Life Insurance Agent gave PHI to my financial advisor
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The insurance company I applied to provided my financial advisor with a list of doctors they were trying to reach. The agent sent an email to my financial advisor. Shouldn’t the agent have contacted me directly?”
Asked July 17, 2018
No, the life insurance agent should not have necessarily contacted you directly. Electronic health information exchange via any media such as emails has very many benefits. However, for individuals and other participants to realize these potential benefits, the security and the protection of the electronic health information should be ensured. According to the HIPAA Act, specific rules, and regulations should protect any personal health information. One of these rules states that protected health information (PHI) can be disclosed to another person if the health information is being used for research, treatment or health care operations such as public health activities. In such instances, there is no need of obtaining the individual's permission or authorization to disclose their protected health information. However, if the agency would have revealed your health information for other purposes such as marketing, it was supposed to seek your permission before giving in to disclose to the financial advisor.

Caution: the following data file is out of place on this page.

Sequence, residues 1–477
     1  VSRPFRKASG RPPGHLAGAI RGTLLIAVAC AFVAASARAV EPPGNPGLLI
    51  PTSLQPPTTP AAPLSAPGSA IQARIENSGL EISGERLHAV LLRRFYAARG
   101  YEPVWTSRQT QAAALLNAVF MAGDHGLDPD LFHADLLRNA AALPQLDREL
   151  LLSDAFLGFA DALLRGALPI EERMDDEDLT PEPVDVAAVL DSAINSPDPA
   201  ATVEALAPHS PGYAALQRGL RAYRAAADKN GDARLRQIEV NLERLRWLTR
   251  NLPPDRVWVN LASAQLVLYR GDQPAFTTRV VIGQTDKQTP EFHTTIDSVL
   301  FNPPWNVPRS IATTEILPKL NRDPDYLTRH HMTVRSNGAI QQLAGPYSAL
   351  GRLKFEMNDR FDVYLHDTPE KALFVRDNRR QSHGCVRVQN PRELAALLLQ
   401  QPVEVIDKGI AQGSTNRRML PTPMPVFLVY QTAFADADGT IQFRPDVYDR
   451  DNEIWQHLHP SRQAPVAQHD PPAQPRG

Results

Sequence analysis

On the other hand, the HIPAA Act states that patients have legal and individual rights to learn about any disclosure or access to their protected health information. This means that the agency should have contacted you to provide you with a Notice of Privacy Practices to describe how your data was shared. The insurance agency should have informed you that your financial advisor had received the list of the doctors the agency was trying to reach. Every organization or health care provider is responsible for respecting these individual rights.
As an alternative, the agency should have sent you a copy of the health information. Patient access to information is one of the patients' rights under the HIPAA Act. As a patient, you are supposed to restrict any disclosure of your protected health information for treatment, payment or even the persons involved in the payment of the healthcare, which in this case is your financial advisor.
Answered July 18, 2018 by tim